These notes are from Nicola's EEBE Roadshow Workshop
As an incorporated body you can raise money by issuing shares. There are two forms of Industrial and Provident Societies – a Co-operative society exists for the benefit of its members and a Community Benefit Society (CBS) is for the benefit of the community. The latter can be a charity and is lightly regulated. A Co-operative pays dividends to its members but a CBS can pay interest on share capital. There is more about CBS and why Oxford North Community Renewables chose this form for their company here
Some other examples including a community owned pub and Bath and West Community Energy described here.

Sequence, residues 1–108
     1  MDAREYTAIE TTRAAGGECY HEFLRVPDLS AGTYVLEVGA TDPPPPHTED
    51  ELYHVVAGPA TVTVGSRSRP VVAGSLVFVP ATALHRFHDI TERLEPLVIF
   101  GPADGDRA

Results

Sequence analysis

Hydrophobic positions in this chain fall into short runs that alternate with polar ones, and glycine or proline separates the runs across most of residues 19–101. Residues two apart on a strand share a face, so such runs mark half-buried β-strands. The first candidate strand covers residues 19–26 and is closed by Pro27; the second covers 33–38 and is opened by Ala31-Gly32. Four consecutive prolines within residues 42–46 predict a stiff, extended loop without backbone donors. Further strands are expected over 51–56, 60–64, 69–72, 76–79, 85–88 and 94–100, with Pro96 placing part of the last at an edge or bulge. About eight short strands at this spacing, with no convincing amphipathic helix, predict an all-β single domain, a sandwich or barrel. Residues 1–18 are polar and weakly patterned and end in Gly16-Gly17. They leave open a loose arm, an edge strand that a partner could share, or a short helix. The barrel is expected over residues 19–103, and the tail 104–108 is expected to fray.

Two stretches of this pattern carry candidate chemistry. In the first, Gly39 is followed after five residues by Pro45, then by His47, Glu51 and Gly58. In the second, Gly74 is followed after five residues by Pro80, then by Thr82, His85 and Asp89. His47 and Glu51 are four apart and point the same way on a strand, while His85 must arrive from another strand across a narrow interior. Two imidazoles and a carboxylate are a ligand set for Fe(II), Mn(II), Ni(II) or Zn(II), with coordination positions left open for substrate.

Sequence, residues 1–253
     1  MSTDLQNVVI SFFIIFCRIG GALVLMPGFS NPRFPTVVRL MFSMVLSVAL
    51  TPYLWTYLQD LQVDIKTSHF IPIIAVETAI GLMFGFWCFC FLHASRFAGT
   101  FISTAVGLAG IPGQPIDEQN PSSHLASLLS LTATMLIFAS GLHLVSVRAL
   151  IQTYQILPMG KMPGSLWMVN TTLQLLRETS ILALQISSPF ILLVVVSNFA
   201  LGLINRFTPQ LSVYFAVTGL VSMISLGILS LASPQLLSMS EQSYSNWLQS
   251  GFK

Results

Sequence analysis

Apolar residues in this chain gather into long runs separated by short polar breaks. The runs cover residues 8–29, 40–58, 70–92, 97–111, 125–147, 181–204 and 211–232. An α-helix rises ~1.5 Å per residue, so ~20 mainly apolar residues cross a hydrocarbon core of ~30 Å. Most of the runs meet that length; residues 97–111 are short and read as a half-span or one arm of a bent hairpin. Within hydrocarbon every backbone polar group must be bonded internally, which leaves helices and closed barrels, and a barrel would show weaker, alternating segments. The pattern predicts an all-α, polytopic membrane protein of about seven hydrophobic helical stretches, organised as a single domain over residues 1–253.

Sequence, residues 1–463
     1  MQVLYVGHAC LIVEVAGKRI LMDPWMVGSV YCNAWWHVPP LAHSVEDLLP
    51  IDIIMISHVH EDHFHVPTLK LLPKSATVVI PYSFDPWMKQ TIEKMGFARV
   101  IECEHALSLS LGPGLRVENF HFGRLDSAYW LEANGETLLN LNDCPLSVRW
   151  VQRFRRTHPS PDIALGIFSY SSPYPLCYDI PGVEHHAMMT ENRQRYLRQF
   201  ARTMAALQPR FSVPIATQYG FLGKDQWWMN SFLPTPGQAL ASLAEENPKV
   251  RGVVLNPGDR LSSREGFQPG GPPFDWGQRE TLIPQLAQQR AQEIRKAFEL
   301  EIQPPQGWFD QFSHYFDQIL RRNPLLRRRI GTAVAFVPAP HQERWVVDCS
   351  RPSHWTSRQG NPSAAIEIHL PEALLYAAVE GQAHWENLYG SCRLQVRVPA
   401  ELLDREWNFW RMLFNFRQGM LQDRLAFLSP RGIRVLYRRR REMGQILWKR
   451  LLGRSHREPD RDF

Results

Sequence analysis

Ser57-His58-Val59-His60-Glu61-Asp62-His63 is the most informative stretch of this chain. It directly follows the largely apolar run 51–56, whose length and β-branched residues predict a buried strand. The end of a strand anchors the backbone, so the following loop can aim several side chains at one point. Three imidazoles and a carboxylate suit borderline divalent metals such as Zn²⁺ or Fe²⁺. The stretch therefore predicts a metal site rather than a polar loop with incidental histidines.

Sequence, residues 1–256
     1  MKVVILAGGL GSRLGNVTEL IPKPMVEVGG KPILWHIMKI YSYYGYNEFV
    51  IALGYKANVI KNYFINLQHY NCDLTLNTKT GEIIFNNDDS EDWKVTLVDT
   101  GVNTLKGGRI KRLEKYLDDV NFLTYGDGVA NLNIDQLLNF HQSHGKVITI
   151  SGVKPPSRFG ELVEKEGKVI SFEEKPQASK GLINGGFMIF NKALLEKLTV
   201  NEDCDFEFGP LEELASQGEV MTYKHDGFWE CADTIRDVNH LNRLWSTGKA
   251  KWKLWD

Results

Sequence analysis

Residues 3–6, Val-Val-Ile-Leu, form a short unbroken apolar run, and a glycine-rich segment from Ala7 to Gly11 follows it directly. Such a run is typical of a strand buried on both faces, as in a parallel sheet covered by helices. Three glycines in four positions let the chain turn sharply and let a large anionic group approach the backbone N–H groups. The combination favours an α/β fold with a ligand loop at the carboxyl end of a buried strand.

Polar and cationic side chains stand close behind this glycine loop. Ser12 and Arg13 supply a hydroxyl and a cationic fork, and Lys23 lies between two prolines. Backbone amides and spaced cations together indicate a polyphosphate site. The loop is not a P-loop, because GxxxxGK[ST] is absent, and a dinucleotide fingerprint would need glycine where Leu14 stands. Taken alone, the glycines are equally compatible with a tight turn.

An easier way to incorporate, but without the charitable status, is as a Community Interest Company (CIC). This is a limited company that uses its assets for the benefit of the community rather than its shareholders. There is an asset lock that limits the amount of assets and profits which can be distributed to shareholders. This is an assurance to funding sources that the company is run as not for profit. More about this here